Test scores are not enough to measure school choice success
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A report from the Education Department’s Institute of Education Science made waves last week as it found the D.C. Opportunity Scholarship Program (D.C. OSP) — the nation’s only federal private school choice program – negatively impacted student test scores in the first year of participation.

Indeed, there is more work to do to ensure all students who benefit from school choice can excel beginning on day one.

But the IES findings shouldn’t cast doubt on the efficacy of private school choice, which has proved, time and again, to be a game-changer for students.

In fact, the Institute found in previous reports the D.C. OSP produces positive effects on test scores and graduation rates. The results from this year’s study underscore why context matters in evaluating the success of school choice.

What is the most critical caveat to the study? 

It analyzed the test scores of D.C. students after only one year in the D.C. OSP. Research on private school choice shows student achievement tends to start out neutral or negative in the first year of programs and trends positive by the second or third years.

This makes sense.

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It takes time for any student to acclimate to a new school environment, complete with new teachers, new classmates and new expectations. And students in D.C.’s program come from some of the most economically disadvantaged neighborhoods of the city and in many cases were attending poor-performing schools, making time to catch up especially critical.

 

Simply put, a year is not enough to provide a definitive critique.

What’s more, the student sample from which IES based its research was not only much smaller, but it also skewed much younger than previous long-term evaluations of the D.C. OSP. Consider the fact that 36 percent of the study’s participants were in kindergarten or first grade, and a quarter of the entire sample was in kindergarten alone.

Math testing, in particular, for this population can be volatile. Not to mention that students entering into the beginning of their K-12 educational pipeline will naturally need time to adjust to the very concept of schooling and will have fluctuating test scores.

Evaluations of student performance beyond testing also show us that participants in the D.C. program are more likely to graduate from high school than students who were offered, but did not receive, a voucher through the DC OSP lottery process.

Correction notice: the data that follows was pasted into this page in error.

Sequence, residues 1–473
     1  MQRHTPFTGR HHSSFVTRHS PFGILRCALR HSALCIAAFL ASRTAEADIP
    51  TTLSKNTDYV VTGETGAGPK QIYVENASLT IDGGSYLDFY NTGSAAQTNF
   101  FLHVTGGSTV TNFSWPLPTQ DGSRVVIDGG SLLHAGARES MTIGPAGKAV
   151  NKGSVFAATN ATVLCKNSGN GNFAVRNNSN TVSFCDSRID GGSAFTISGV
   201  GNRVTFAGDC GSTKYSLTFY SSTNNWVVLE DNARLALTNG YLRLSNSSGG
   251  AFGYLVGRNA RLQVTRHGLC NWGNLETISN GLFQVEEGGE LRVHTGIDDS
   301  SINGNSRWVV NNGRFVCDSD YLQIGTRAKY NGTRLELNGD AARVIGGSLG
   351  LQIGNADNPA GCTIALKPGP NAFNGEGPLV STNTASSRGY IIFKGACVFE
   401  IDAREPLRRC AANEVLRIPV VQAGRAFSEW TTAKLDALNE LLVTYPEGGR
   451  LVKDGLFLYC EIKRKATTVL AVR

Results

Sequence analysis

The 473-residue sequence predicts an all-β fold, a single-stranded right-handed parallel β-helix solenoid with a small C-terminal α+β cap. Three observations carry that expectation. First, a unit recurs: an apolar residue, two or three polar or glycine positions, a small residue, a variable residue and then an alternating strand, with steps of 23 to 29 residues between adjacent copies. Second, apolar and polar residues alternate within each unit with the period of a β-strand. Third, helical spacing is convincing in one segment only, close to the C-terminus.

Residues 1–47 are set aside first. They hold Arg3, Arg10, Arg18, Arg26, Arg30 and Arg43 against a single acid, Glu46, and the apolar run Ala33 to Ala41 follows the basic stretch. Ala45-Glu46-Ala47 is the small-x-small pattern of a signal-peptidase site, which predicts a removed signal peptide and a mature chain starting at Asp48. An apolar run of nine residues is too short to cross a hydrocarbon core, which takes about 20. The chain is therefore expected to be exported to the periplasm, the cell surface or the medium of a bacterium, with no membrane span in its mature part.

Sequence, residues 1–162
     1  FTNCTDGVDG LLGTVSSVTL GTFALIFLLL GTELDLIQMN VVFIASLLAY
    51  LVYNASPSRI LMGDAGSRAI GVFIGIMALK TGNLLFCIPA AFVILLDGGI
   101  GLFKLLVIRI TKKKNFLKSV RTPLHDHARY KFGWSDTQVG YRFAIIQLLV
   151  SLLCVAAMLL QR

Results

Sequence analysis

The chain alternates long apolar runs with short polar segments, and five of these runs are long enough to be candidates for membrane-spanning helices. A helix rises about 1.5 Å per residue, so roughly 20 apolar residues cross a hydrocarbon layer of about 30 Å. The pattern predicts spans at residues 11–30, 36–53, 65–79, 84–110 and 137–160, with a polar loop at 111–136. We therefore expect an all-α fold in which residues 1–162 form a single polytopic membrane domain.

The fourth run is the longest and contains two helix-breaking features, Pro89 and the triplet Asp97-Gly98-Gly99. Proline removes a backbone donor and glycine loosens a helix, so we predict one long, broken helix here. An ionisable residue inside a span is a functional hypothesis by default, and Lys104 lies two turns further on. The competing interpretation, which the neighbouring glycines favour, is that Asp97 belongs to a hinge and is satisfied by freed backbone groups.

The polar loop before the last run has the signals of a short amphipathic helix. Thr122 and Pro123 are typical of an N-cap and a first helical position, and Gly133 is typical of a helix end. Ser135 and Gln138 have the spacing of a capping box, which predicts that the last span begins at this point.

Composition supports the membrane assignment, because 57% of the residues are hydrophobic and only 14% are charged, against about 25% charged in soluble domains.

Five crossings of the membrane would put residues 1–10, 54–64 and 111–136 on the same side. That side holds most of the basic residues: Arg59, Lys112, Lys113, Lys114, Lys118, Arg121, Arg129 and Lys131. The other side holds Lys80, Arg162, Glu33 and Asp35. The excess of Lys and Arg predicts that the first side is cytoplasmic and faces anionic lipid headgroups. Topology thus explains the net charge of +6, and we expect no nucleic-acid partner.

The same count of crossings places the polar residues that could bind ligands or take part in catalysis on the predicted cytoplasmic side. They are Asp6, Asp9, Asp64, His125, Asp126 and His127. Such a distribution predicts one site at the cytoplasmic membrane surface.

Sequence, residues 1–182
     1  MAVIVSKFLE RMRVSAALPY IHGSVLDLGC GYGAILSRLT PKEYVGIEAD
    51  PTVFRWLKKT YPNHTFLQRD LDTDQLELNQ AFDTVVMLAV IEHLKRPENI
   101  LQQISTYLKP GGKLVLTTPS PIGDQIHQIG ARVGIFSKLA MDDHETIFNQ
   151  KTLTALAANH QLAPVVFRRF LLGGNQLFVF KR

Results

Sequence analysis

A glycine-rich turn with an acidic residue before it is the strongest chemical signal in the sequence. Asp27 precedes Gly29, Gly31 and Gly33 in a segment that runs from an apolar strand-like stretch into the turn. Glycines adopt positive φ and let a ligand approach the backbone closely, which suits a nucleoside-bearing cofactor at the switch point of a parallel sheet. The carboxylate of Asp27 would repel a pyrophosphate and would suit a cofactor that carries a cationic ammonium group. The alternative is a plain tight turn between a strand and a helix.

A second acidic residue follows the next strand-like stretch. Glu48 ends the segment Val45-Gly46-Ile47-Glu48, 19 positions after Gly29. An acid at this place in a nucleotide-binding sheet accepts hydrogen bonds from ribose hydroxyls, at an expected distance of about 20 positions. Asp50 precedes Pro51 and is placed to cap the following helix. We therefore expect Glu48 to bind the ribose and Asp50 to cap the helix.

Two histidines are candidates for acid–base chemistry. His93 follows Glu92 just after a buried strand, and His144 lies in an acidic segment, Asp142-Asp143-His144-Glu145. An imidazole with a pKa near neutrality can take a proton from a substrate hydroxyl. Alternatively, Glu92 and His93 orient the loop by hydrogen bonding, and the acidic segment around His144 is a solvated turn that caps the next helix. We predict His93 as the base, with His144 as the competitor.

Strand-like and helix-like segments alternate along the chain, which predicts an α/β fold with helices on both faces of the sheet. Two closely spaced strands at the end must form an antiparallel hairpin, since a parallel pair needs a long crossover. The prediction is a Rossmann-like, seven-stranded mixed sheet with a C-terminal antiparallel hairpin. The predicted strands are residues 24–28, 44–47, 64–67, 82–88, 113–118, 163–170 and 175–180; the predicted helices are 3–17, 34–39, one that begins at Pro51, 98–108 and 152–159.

A 2010 federal analysis showed that 91 percent of DC OSP students graduated on time, compared to 70 percent of their public school peers. And these positive outcomes were substantially higher for participating minority students.

Perhaps the most promising data from the report relates to parental involvement and perceptions of safety. The IES report found that parents of middle- and high-school students participating in the D.C. choice program were more involved in their child’s education at home – a key component to student success.

And across the board, choice parents were significantly more likely to view their child’s school as very safe.

These results are critically important as we strive to paint a complete picture about the power of school choice. We can’t undervalue the fact that freedom of choice has enabled District parents to advocate for educational equity in a city where the average white family has 13 times the wealth of the average black family.

School choice programs like D.C.’s empower parents, especially low-income parents, to choose the best educational options for their children.

The leverage to leave an undesirable situation in favor of a better one provides an insurance policy on their children’s future — a policy that empowers parents with something they lack in many other parts of their lives: control. That’s a landmark victory for urban parents, and for education reform efforts across the country.

There have previously been 15 gold-standard studies of private school choice programs, 10 of which are positive and three are neutral. Our question going forward should not be whether school choice programs work – because the evidence shows they do – but rather how we replicate their success.

This will be especially critical as Congress considers a policy that will empower families to take ownership of their children’s education through the establishment of a federal education tax credit.

As with every policy issue, there is room for improvement in the D.C. Opportunity Scholarship Program to offer real change and opportunity for students beginning on day one. 

Fortunately, a growing movement of parents, policymakers, employers and civic leaders are committed to creating a system where all students succeed, and all parents have choices when it comes to their children’s education.

Kevin P. Chavous is a founding board member for the American Federation for Children. He is a former member of the Council of the District of Columbia and a former chairman of D.C.’s Education Committee. Chavous was responsible for enacting numerous education reforms in D.C. Chavous is a former chair of the Democrats for Education Reform and of the Black Alliance for Educational Options.


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